Mao Her still remembers a story about her uncle who went to see a dentist because of a toothache and came home confused because he had a whole new tooth.
She told her uncle that the dentist had whittled his decayed tooth down and put in a new crown. He was shocked, saying the dentist never went over the procedure with him. He said he would never go back to the dentist again.
"I explained it to him, but the damage had been done," she said. "He was very upset for a long time."
Her, who will complete her dental residency at the end of this month, plans to work in Huron for two years and then return to Fresno. She will then become one of four Hmong dentists in the city of Fresno.
She says her uncle's story is not unique.
Dentists say a combination of language barriers, cultural attitudes and other factors have created a chronic problem -- tooth loss -- in the Hmong community.
Blong Xiong, program manager for the Center for New Americans, said Hmong people, who come from agrarian societies in Laos, do not give their teeth a high priority because they didn't have basic tools like toothbrushes and they had no access to dentists in their homeland.
"We're tying to break centuries of perceptions," said Xiong.
At the Center for New Americans in Fresno the hope is that the Dental Project, a three-year plan that began last year, will turn the tide on centuries of poor dental health through an outreach effort to Hmong, as well as dental health care professionals.
Xiong said the need to educate Hmong is important now because their diet, once mostly vegetarian in Laos, is filled now with sugars, leading to a higher incidence of tooth decay.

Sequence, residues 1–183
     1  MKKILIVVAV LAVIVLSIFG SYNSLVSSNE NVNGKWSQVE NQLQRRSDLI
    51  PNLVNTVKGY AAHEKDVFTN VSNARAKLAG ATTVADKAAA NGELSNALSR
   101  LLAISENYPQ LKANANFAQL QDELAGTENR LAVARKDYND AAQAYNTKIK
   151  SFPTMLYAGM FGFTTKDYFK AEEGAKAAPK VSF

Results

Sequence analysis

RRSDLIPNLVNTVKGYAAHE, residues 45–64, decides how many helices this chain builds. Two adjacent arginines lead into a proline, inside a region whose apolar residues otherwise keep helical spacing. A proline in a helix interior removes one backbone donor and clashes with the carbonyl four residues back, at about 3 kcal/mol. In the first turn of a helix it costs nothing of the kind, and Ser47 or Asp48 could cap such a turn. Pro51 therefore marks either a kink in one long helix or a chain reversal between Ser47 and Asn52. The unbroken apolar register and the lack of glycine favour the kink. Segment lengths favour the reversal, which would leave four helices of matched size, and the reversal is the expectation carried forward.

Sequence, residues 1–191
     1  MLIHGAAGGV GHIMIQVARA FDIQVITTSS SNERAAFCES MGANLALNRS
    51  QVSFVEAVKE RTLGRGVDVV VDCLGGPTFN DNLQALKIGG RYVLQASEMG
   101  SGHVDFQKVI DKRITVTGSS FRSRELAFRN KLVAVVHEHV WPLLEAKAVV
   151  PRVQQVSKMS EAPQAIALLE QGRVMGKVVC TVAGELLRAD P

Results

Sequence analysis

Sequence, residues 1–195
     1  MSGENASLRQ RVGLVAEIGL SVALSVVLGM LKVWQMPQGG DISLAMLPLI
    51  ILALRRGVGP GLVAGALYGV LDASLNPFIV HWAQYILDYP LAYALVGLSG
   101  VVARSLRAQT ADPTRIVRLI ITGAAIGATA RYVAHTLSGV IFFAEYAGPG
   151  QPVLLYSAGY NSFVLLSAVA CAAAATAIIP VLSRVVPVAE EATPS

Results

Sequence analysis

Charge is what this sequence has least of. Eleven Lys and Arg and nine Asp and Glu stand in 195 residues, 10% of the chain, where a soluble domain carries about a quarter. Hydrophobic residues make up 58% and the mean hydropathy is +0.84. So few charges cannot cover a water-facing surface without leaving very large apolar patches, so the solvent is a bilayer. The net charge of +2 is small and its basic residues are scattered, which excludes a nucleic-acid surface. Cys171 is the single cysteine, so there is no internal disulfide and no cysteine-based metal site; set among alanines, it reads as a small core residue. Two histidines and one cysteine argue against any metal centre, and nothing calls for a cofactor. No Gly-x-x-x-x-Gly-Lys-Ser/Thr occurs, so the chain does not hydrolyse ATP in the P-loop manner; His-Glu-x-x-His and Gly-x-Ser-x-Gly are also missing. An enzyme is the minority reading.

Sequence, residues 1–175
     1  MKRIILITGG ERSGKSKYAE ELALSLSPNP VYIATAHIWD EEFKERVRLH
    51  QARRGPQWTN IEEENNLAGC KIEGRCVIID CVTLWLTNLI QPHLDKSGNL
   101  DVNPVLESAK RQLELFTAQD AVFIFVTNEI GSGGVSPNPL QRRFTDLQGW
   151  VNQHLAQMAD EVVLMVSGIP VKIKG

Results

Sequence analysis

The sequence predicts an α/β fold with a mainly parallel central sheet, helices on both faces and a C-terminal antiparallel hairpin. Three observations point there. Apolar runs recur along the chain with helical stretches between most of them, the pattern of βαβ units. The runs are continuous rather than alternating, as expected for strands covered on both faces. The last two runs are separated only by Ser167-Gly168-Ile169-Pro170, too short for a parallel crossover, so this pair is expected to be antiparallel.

Two dentists who serve primarily Hmong clienteles said in a survey that out of the 4,000 Hmong they see, only 20% to 25% of those patients follow up in a year while 70% to 75% of their non-Hmong patients follow up.
They also found that most of the Hmong children they see between the ages of 1 1/2 to 5 are showing severe incidents of tooth decay, and by the ages of 6 to 12 they are treating children with gum diseases.
Volunteers for the project have conducted a variety of education programs since January.
They've put on demonstrations for Hmong children at four Fresno schools, showing them how to brush and floss and encouraging them to visit a dentist twice a year. They created a video for adults and children to educate them on preventive care. Zoua Vang, a reporter at KSEE 24, narrated the information in Hmong.
The video has been made available to seven schools in the Clovis and Fresno school districts.
Two mobile dental vans, one run by the Healthy Smiles Mobile Dental Foundation and the other by Fresno County, show the video. The vans are equipped like dental offices and visit schools to treat children.
The center also has organized three workshops for dental-health-care professionals. About 200 people attended their presentation in March at the Hmong Health Conference at California State University, Fresno.
They were given a course on cultural differences that can act as barriers between doctors and patients. For example, they learned to address men instead of women because the culture is male-dominated and to recognize the important role of shamans, who treat spiritual and physical ailments in the community.
Most dentists said their Hmong clienteles are small, but they are now more sensitive to Hmong patients' concerns. Dr. Emilio Garcia decided after attending a seminar at the Fresno Madera Dental Society last winter that he will ask patients whether they see a shaman to understand their ideas regarding treatments.
Xiong said that it's too early to tell whether the program is having an impact, but he can tell that people are being reached.
"When they see the video they'll say things like 'I didn't know that,' " he said. "You can tell that it's very helpful to them."
The reporter can be reached at firstname.lastname@example.org or 441-6632. GRAPHIC: PHOTOS BY RICHARD DARBY -- THE FRESNO BEE ABOVE: Dentist Lynn Timple prepares to do a crown for Yer Lee in a mobile dental van Tuesday in front of Lowell Elementary School in Fresno. BELOW: From the left, Bee Yang, 6, Yer Yang, 8, and Scott Sisoutham, 10, watch video cartoons and color as they wait their turns in the mobile dental van.